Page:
Higher Insurance Rates for Women Draw Scrutiny in California
Legislation under consideration in the California Legislature aims to change state law to bar health insurers from charging women more for coverage than men, the San Jose Mercury News reports.
Under AB 119 by Assembly member Dave Jones (D-Sacramento), insurers would be prohibited from taking a health insurance applicant's sex into account when setting premiums, a practice known as gender rating.Â
Lawmakers also are considering AB 98 by Assembly member Hector De La Torre (D-South Gate) that would require health plans to cover maternity services.
A Mercury News analysis indicated that women's premiums can be at least 7% higher than men's premiums for some health plans, although the analysis found that men were quoted higher premiums for some coverage.
The analysis was based on a review of rates for the 10 most popular health plans available through ehealthinsurance.com.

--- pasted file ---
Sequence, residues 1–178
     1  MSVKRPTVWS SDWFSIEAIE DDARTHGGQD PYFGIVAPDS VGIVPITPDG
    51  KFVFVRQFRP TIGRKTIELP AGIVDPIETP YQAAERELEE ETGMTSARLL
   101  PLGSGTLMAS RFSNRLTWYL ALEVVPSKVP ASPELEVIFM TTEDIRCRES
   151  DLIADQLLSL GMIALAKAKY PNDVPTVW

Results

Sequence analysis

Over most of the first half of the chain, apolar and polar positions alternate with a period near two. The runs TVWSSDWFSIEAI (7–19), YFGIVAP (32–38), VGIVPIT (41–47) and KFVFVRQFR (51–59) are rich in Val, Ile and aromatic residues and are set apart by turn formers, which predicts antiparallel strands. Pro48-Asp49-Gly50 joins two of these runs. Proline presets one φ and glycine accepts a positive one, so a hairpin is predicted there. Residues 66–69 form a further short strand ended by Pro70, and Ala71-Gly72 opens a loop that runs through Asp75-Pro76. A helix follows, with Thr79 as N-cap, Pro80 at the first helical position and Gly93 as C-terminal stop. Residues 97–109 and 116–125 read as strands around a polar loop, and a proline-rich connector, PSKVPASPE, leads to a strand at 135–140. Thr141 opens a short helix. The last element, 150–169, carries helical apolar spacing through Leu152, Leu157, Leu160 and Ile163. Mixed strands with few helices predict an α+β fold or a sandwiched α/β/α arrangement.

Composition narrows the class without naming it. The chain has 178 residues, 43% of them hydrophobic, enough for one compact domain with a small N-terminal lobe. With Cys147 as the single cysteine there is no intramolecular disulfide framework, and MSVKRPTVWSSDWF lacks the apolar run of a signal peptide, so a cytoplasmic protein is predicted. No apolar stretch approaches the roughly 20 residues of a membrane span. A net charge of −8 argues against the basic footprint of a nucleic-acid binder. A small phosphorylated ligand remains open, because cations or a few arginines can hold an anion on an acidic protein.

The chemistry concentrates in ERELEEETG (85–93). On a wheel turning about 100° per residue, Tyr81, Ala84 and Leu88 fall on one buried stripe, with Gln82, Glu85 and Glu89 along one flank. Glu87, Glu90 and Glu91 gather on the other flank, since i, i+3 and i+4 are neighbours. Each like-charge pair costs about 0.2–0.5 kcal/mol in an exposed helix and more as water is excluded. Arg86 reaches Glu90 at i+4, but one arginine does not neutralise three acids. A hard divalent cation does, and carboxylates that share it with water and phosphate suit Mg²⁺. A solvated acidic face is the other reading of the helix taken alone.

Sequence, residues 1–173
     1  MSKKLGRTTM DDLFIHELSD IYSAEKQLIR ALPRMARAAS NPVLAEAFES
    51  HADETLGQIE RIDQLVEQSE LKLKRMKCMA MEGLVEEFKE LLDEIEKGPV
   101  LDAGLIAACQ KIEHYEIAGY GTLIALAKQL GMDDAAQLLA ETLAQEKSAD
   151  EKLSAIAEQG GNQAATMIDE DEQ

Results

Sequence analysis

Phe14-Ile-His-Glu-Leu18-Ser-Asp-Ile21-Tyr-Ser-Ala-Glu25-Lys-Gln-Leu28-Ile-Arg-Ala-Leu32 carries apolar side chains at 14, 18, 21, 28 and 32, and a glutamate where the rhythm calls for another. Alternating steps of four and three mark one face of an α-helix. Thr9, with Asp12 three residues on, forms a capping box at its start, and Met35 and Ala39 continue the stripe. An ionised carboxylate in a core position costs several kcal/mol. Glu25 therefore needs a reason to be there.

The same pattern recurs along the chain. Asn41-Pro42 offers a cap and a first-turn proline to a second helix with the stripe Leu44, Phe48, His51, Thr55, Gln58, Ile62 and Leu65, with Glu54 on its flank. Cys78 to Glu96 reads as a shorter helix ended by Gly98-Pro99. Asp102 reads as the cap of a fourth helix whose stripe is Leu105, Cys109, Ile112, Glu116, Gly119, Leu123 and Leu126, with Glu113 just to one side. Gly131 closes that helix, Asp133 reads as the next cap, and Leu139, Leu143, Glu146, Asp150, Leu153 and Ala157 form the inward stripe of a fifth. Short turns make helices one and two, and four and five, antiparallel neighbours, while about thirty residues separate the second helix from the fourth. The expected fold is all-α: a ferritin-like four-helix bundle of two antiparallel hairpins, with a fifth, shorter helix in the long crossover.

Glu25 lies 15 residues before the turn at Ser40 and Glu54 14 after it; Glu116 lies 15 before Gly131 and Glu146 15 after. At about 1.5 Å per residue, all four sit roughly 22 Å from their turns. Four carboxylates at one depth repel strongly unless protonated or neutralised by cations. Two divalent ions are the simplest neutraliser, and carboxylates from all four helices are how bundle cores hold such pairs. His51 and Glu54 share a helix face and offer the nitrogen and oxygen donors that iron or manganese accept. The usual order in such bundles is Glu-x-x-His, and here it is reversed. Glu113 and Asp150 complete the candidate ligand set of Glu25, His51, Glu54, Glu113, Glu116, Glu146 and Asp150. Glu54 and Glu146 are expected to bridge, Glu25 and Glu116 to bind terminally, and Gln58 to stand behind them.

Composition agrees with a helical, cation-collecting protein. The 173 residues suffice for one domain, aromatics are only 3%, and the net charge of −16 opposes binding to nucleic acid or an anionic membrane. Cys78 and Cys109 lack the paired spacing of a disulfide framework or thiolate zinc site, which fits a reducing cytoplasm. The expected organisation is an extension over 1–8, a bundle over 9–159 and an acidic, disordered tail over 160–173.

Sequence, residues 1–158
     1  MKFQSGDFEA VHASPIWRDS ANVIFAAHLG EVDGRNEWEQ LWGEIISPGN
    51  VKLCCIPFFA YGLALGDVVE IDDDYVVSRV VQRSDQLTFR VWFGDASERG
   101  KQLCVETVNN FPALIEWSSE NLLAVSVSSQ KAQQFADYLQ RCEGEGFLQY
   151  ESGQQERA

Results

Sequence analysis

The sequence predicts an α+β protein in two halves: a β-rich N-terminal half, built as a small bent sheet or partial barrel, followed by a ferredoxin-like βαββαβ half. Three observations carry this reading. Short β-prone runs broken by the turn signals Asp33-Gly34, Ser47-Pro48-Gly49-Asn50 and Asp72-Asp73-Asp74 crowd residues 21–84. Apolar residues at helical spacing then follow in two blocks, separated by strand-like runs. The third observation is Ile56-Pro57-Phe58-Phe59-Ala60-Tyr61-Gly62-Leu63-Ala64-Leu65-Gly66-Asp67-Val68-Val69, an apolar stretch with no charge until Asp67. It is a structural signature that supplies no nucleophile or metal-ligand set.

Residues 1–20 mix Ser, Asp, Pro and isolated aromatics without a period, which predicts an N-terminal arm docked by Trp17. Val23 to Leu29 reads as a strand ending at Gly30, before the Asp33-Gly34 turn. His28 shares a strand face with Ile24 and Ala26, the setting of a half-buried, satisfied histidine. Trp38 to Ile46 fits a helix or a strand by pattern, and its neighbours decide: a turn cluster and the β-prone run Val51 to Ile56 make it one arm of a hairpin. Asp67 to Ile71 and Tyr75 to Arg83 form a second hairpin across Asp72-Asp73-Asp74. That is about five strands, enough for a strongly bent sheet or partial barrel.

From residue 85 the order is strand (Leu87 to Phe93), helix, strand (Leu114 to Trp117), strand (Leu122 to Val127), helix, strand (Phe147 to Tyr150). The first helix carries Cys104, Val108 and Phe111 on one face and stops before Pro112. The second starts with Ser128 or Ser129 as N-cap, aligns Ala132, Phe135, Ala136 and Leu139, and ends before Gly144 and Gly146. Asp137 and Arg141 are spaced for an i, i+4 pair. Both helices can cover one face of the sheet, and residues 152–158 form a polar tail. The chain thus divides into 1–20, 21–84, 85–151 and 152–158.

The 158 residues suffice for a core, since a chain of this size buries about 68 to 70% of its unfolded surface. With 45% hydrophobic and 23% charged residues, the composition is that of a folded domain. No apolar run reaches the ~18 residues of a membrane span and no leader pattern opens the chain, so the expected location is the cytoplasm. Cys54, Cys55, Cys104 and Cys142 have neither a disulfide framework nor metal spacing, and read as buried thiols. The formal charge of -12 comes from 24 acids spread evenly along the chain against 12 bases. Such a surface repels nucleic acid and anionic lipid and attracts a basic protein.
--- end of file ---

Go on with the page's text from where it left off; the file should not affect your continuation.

Insurance companies say that their rates are based on actuarial studies, noting that women, particularly younger women, typically seek more preventive care than men, resulting in higher costs.
San Francisco LawsuitIn January, the city of San Francisco filed a lawsuit that seeks to ban disparate health care rates for men and women.Â The suit is on hold until the outcome of the legislation (Zapler, San Jose Mercury News, 4/18). This is part of the California Healthline Daily Edition, a summary of health policy coverage from major news organizations. Sign up for an email subscription.